The Search for a New Camera

I need a camera.

I need a film camera.

I have a film camera.

But I need a new one.

The film SLR I currently have in my possession is a Phenix DC303N. If you Google that you won’t find much. I posted about it somewhere before and the info I did get is that it is essentially a Chinese copy of another camera, the brand and model of which I forget. But I suspect it was a Yashica.

Mechanically the camera is sound. In fact I would say it is close to being in mint condition (a bit of a stretch but not far off!) although the lens has some issues with focusing. As it’s an SLR I’m not 100% sure whether this is an issue with the lens or camera, but as I have been shooting between f/8 and f/16┬áthis hasn’t really been an issue during the day. But when shooting at night, wide open, it was a huge pain.

Either way this camera/lens combo is not for me. It’s clunky, and worst of all, cheap. And by that I mean the parts that make up the whole are cheap. Cheap glass means images are not as sharp as they should be. It’s a perfect starter camera but at this stage I’m looking to invest in a camera that will suit my needs for a long, long time.

So in the next couple of weeks I’m going to invest in a new film camera. Specifically, a Leica.


For those unfamiliar with all things photographic, Leica’s are considered by many to be the best of the best when it comes to film cameras (35mm), particularly their ‘M,’ series cameras which were used by such photographic giants as Henri Cartier-Bresson, Robert Capa, Vivian Maier (google her. If the events surrounding her images right now are not turned into a movie in the near future I would be very surprised) and a personal hero of mine, W. Eugene Smith.

This is a great three-minute look at just some of the images created using Leica’s over the years.

So what are some of the other reasons to get a Leica?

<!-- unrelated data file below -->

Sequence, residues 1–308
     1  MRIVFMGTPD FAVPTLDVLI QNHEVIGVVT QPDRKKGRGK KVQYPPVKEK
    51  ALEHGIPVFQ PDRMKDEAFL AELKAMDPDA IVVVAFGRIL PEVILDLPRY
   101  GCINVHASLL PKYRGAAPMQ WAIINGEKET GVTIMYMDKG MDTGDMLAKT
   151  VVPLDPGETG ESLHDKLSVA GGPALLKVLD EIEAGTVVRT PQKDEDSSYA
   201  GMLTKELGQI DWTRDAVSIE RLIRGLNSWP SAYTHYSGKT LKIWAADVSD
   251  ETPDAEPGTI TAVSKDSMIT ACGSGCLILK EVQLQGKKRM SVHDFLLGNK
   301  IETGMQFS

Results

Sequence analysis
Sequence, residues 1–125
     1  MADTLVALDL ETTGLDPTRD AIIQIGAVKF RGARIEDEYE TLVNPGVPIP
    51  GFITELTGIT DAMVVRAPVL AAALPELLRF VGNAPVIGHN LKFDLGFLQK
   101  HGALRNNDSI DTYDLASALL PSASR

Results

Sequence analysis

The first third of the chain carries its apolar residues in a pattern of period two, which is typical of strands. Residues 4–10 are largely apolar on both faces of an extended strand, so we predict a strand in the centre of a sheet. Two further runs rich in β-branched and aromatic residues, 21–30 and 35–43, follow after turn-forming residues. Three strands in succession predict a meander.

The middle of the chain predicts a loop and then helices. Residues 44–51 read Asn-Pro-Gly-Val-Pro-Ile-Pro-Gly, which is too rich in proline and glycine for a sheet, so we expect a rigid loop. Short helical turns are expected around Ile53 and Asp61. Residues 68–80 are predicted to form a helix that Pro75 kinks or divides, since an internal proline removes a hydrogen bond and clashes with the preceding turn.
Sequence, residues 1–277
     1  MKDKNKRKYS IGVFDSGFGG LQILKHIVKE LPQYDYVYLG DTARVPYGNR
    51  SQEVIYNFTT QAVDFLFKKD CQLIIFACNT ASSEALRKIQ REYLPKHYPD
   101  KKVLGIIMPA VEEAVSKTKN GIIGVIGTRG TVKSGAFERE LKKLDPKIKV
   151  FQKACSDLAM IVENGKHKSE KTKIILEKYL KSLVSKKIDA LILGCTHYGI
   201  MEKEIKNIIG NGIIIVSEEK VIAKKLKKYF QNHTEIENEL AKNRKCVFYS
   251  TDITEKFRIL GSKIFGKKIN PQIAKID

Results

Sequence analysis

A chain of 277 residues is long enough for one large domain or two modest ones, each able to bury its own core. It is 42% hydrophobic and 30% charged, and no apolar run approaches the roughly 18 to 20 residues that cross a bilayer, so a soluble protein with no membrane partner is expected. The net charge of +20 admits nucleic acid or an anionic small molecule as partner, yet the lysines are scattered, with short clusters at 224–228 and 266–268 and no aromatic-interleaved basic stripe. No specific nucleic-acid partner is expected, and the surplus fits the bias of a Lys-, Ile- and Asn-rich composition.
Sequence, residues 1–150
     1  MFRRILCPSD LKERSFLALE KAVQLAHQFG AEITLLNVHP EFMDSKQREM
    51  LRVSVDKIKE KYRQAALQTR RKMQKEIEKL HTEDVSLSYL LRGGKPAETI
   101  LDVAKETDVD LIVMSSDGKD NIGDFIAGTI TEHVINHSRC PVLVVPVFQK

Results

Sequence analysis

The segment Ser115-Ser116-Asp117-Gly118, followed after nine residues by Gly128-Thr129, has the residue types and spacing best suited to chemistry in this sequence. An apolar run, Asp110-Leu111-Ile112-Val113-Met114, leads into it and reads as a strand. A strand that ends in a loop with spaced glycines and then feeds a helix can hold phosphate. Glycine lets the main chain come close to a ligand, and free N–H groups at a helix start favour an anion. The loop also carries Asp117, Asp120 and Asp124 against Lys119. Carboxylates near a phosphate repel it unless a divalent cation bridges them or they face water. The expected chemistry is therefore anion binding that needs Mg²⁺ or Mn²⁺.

The first reason is quality.

Think of the Phenix as a Honda Civic. The Leica a Bentley. Both will get you from A to B but the difference in quality cannot be denied.

I have some savings built up from the past few years and the idea of buying a camera made between 1957 and 1968, that I can use for the rest of my lifetime and potentially hand down to my own children one day is something special. It’s something that we don’t see much anymore.

Imagine their horror if you tried to hand your old iPhone down to your kids in 50 years time. If you still had it (which you won’t.) And if it still works (which it won’t.)


These are hand-built pieces of art. The particular model I’m looking at, the M2 (for it’s lack of meter and inclusion of 35mm frame-lines, missing from the M3) was built between ’57 and ’68 in a run of 82,000 units. Because of this they still hold their value today. If anything, from my research of prices and conditions, they have gone up in value over the last five years or thereabouts..

Digital cameras, on the other hand, are like new cars; as soon as you take it out of the store it’s value has dropped considerably. Not with a Leica.

Leica’s are small, compact and very quiet. They are unobtrusive, non-threatening and lend themselves well to moving around the streets and documenting that which is going on around you.


Leica lenses, and those made by others such as Carl Zeiss to work with Leica, are beautiful.

Sharp, made from brass and metal and again, precision made to the highest standards, they are long lasting pieces of art.

Right now I’m having some trouble deciding between a 50mm (Elmar f/2.8, a beautifully classical looking collapsible) or a 35mm (Carl Zeiss f/2 ‘Biogon,’) as I intend to use whichever I go for for at least a year before investing in more. Both are wonderful so in some ways it’s a nice problem to have. In others, it’s infuriating.


This last reason is one of heart over head. This is a camera that I read about growing up, learning about photography and photographers. A camera I saw in the hands of the very people I studied, revered and looked up to.

This is a camera that I felt was always out of my reach.

But I’m a little older now, independent. Thanks to some planning and saving I will be able to tick the Leica box off my to-do list very soon.


It’s often said that the camera is simply a tool, that it is the photographer who makes the photograph at the end of the day.

And this is certainly true.

But sometime’s it’s just nice to have the best tools for the job.

And so there’s only one question remaining now.

35mm or 50mm?


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